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luís soares

Blog do escritor Luís Soares

Donald Hall - The Black-Faced Sheep

If one of you found a gap in a stone wall,

the rest of you—rams, ewes, bucks, wethers, lambs;

mothers and daughters, old grandfather-father,

cousins and aunts, small bleating sons—

followed onward, stupid

as sheep, wherever

your leader’s sheep-brain wandered to.


My grandfather spent all day searching the valley

and edges of Ragged Mountain,

calling “Ke-day!” as if he brought you salt,

“Ke-day! Ke-day!”


*         *         *


When the shirt wore out, and darns in the woolen

shirt needed darning,

a woman in a white collar

cut the shirt into strips and braided it,

as she braided her hair every morning.


In a hundred years

the knees of her great-granddaughter

crawled on a rug made from the wool of sheep

whose bones were mud,

like the bones of the woman, who stares

from an oval in the parlor.


*         *         *


I forked the brambly hay down to you

in nineteen-fifty. I delved my hands deep

in the winter grass of your hair.


When the shearer cut to your nakedness in April

and you dropped black eyes in shame,

hiding in barnyard corners, unable to hide,

I brought grain to raise your spirits,

and ten thousand years

wound us through pasture and hayfield together,

threads of us woven

together, three hundred generations

from Africa’s hills to New Hampshire’s.


*         *         *


You were not shrewd like the pig.

You were not strong like the horse.

You were not brave like the rooster.


Yet none of the others looked like a lump of granite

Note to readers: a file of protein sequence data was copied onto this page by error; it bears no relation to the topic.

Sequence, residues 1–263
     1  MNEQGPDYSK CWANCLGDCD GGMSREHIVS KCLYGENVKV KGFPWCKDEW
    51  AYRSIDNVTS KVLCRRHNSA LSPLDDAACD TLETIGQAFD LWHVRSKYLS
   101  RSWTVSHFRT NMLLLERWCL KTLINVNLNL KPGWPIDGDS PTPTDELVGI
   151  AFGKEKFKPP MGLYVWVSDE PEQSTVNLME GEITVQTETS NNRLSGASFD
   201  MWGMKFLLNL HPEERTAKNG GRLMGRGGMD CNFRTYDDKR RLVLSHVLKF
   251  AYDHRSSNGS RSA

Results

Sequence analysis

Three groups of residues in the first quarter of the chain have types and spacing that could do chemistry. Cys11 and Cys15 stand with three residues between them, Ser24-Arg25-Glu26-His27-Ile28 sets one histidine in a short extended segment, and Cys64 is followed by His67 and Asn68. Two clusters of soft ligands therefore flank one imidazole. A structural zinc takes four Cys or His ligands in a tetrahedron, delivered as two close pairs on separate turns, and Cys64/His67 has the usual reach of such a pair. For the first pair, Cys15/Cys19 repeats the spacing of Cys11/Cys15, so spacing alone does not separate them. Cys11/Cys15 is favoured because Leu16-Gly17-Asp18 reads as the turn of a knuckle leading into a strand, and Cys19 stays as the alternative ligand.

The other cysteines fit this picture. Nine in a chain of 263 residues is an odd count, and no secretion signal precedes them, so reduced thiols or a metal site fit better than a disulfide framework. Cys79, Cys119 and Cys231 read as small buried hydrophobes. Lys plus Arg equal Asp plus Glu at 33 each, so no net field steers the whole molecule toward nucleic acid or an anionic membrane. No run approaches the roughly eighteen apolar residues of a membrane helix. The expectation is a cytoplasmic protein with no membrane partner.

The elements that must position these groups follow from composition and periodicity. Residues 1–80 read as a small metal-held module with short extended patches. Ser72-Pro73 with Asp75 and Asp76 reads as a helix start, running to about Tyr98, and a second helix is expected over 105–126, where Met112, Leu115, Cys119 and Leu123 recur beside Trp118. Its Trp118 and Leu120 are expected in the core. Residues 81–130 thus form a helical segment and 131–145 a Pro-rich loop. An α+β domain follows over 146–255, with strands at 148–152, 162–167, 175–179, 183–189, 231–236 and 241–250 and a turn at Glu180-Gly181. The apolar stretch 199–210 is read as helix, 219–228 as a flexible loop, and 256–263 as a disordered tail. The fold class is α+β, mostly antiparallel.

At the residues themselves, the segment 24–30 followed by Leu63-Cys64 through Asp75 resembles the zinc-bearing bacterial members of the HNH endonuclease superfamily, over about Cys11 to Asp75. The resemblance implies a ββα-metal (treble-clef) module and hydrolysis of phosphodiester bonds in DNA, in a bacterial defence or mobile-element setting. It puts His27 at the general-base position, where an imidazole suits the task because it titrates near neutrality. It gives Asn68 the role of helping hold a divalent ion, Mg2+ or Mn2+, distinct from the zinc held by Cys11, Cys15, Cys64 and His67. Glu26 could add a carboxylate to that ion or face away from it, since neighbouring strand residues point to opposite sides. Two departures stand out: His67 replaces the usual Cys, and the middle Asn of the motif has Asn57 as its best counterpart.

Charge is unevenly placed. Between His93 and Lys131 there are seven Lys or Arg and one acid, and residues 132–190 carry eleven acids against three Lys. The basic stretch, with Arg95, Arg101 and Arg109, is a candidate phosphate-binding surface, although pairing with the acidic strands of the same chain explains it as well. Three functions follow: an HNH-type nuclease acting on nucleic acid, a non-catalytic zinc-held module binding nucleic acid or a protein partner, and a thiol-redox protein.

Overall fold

that grew hair,

and none of the others

carried white fleece as soft as dandelion seed

around a black face,

and none of them sang such a flat and sociable song.


*         *         *



Now the black-faced sheep have wandered and will not return,

even if I should search the valleys

and call “Ke-day,” as if I brought them salt.

Now the railroad draws

a line of rust through the valley. Birch, pine, and maple

lean from cellarholes

and cover the dead pastures of Ragged Mountain

except where machines make snow

and cables pull money up hill, to slide back down.


*         *         *


At South Danbury Church twelve of us sit—

cousins and aunts, sons—

where the great-grandfathers of the forty-acre farms

filled every pew.

I look out the window at summer places,

at Boston lawyers’ houses

with swimming pools cunningly added to cowsheds,

and we read an old poem aloud, about Israel’s sheep,

old lumps of wool, and we read


that the rich farmer, though he names his farm for himself,

takes nothing into his grave;

that even if people praise us, because we are successful,

we will go under the ground

to meet our ancestors collected there in the darkness;

that we are all of us sheep, and death is our shepherd,

and we die as the animals die.